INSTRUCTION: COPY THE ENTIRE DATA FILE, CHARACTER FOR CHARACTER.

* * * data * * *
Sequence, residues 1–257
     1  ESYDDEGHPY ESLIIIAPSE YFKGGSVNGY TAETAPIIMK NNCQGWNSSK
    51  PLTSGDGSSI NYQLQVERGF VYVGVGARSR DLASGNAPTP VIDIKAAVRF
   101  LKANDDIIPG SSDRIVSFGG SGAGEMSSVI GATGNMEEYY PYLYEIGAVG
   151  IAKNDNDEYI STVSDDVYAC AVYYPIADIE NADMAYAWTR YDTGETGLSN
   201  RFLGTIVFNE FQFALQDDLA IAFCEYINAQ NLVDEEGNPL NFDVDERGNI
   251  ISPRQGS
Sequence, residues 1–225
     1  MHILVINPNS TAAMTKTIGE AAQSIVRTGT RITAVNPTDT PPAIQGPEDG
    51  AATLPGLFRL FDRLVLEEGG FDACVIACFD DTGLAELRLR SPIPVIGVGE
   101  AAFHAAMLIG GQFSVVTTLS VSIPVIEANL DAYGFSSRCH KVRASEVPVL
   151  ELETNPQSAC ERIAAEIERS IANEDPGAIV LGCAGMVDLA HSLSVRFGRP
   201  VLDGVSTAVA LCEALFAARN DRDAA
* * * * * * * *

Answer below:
Sequence, residues 1–257
     1  ESYDDEGHPY ESLIIIAPSE YFKGGSVNGY TAETAPIIMK NNCQGWNSSK
    51  PLTSGDGSSI NYQLQVERGF VYVGVGARSR DLASGNAPTP VIDIKAAVRF
   101  LKANDDIIPG SSDRIVSFGG SGAGEMSSVI GATGNMEEYY PYLYEIGAVG
   151  IAKNDNDEYI STVSDDVYAC AVYYPIADIE NADMAYAWTR YDTGETGLSN
   201  RFLGTIVFNE FQFALQDDLA IAFCEYINAQ NLVDEEGNPL NFDVDERGNI
   251  ISPRQGS
Sequence, residues 1–225
     1  MHILVINPNS TAAMTKTIGE AAQSIVRTGT RITAVNPTDT PPAIQGPEDG
    51  AATLPGLFRL FDRLVLEEGG FDACVIACFD DTGLAELRLR SPIPVIGVGE
   101  AAFHAAMLIG GQFSVVTTLS VSIPVIEANL DAYGFSSRCH KVRASEVPVL
   151  ELETNPQSAC ERIAAEIERS IANEDPGAIV LGCAGMVDLA HSLSVRFGRP
   201  VLDGVSTAVA LCEALFAARN DRDAA